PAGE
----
I remember, as a teen, I loved rummaging in my mother’s enormous picture postcard collection – what a treasure! There was a photo in it that I never forgot in my life: An old Orthodox church sitting on a ridge high above a village and, behind the church, the humongous Continue Reading
This is the second of three posts on the East Hokkaido Caldera Field. This post is centered on the Kutcharo (Kussaro or Kuttyaro) volcanic complex.
Seeing that SERNAGEOMIN recently has included the Reclus volcano into group III of the assessment of their volcanoes, according to hazards they may pose to the population, I had another go at finding out more about it. Continue Reading
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The Toya – Usu post led me to the interesting volcanic history of Hokkaido, Japan. Found a multiple caldera complex in eastern Hokkaido with three calderas in close proximity to one another. Will write about these for the next few posts.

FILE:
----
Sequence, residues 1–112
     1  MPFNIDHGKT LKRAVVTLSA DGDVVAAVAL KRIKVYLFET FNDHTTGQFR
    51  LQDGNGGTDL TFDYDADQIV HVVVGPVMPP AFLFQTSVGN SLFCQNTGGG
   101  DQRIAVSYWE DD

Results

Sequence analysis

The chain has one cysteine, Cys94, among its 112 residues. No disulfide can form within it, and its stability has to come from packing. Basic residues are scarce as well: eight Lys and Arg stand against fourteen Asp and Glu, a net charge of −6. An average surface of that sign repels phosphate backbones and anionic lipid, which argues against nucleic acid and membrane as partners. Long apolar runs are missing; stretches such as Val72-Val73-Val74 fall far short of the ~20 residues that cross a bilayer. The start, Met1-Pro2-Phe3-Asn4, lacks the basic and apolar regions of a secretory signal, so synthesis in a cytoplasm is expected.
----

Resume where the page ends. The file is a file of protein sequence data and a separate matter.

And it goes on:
As so often, and generally without intention, I have hit upon yet another volcano that has all the trimmings of a beast but seems not really to be recognised as such. Up to a few years ago there have been very few studies to find out about the seismological and structural properties of the volcano. Volcán Ceboruco is considered among the five volcanoes with the highest risk in Mexico, and the second most active after Colima volcano in the western Trans-Mexican Volcanic Belt. Yet, scientists had to point out, in a 2016 study, “that every effort should be made to monitor its seismic activity”. Continue Reading
I have started work on this post long before the latest unacceptable political developments, so, it is pure coincidence that it’s getting published just now. In the region around Nemrut Dağı live Kurdish, Turkish and Armenian people. I wish peace for them all – and hopefully, my post will inspire interest in this wonderful part of the world.
Nemrut Dağı* volcano has so many interesting features within and outside its caldera that it would probably take a several-week-long holiday do visit and explore them all. It has produced many colourful layers in ignimbrites during its various, mainly Plinian eruptions, as well as lava domes and obsidian flows, open fissures, steam chimneys, lava caves, what have you. I think this will become my favourite volcano! Continue Reading